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Glasgow

A Letter from a Glasgow Docker

Since 1932, when the Glasgow dockers broke away from the Transport and General Workers’ Union and formed their present organisation, the Scottish T. & G. W. Union, they have opposed the English dockers’ struggles for decasualisation of dock labour. Recruitment to the Glasgow Union has (with one exception) been always based on the hereditary principle and restricted to docker’s sons.

Sting in the Tail: Empty Talk

Empty talk

The myth that fascism/racism can be defeated by violence is persistent. This is demonstrated by Fighting Talk, the juvenilish paper published by Edinburgh Anti-Fascist Action (AFA).

The Autumn/Winter issue is certainly full of fighting talk: one bunch of would-be nazis are mocked because an intended victim "was unscathed and alarmed only by the gentleness of the attack. Have [they] been washing their hands in Fairy Washing Liquid?".

Various skirmishes are reported - "the BNP got kicked to fuck"- while the Anti- Nazi League and Anti-Racist Alliance are jeered at for being too timid.

Sting in the Tail: Send for Jeeves

Send for Jeeves

The characters of P.G. Wodehouse may seem a little outdated, but the useless, luxurious lives of the very rich don't seem to have changed all that much since the days of Bertie Wooster and Jeeves.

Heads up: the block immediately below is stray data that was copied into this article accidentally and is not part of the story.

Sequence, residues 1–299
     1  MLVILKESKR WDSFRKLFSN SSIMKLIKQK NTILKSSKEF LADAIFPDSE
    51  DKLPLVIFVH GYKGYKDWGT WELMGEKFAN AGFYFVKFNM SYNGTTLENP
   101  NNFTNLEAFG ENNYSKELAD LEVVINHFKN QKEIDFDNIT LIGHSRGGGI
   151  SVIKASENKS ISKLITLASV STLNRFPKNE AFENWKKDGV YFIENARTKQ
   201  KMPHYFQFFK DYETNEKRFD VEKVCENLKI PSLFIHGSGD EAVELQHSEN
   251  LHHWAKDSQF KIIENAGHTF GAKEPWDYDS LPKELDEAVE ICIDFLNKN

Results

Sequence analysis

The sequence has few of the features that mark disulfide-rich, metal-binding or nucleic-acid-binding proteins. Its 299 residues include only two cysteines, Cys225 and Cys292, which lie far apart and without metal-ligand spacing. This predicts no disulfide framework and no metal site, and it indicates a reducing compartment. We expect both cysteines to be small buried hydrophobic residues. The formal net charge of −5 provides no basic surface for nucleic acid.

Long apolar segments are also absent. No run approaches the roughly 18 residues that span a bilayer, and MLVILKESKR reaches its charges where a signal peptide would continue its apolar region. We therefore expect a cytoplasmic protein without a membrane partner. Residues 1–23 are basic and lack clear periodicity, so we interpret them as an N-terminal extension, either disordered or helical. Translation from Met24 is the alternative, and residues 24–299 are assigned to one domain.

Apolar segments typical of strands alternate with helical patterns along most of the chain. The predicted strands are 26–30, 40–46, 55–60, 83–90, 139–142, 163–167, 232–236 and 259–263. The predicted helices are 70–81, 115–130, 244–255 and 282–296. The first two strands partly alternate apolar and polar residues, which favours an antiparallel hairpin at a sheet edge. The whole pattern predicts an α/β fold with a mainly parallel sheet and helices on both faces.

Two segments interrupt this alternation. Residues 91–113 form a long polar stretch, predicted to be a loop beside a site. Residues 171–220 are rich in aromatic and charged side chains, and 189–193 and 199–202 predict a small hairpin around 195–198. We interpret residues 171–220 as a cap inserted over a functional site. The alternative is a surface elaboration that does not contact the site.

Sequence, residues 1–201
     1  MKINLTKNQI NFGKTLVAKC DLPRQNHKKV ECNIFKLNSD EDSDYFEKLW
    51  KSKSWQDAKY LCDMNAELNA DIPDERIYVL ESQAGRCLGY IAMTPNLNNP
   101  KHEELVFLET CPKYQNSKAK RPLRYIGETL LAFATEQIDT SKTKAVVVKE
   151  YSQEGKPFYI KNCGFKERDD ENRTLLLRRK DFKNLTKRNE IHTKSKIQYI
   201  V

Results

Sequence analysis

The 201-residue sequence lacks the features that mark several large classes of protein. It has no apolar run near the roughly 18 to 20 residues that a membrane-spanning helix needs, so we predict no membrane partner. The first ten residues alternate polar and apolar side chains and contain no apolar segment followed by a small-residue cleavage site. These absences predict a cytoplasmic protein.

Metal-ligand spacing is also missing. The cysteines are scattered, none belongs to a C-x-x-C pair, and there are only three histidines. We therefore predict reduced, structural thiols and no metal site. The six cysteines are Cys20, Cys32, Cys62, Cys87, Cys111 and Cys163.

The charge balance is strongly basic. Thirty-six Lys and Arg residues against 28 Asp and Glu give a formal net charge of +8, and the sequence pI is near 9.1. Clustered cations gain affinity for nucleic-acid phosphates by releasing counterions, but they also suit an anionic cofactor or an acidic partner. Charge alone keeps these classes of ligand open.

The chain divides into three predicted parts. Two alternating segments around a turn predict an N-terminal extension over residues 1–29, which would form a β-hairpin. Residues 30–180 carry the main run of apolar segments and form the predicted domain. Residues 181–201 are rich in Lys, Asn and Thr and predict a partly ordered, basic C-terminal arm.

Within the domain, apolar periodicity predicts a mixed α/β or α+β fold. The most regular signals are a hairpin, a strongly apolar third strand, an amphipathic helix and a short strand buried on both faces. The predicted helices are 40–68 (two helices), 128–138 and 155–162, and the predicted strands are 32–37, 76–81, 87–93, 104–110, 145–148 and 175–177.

Patrick Davison, a butler to the millionaire George Soros, recently won his case for unfair dismissal; and in reporting the tribunal the newspapers revealed a little of the outrageous life-style of the rich in Britain today. The butler insisted to Mrs Miriam Sanchez, a recently appointed chef, that she use less expensive wines when preparing her gourmet meals.

    "But Mrs Sanchez complained to Mr Soros's wife Susan, got her own way, and began to use Chateau Lafite wines costing between £400 and £500 a bottle." (Glasgow Herald 8 May)

All lovers of haute cuisine will be delighted that the present economic slump is not affecting the high standards of the Soros household.

Unkindest Cut of All

Obituary: Frank Duncan

It is with great sorrow that we report the death of Frank Duncan, a stalwart socialist and a fascinating man. He joined the Glasgow branch in 1944, just after he had played a key role in organising the Glasgow apprentices’ strike. An Apprentices’ Charter, produced by the Clyde strike committee in 1937, had called for apprentices to have day release for technical training and the right to join a trade union. When these demands were flatly refused by the employers, Frank and his fellow apprentices went out on strike. During this period he attended open-air meetings in Glasgow, found the logic of the case for socialism irresistible and joined the Party.

He later became the supervisor of the telephone exchange in Cricklewood, North London and joined Paddington branch. Frank was a great cyclist (taking annual cycling tours of the Canary Islands), a huge enthusiast for brass band music and a regular attender at concerts of many kinds at the South Bank in London.

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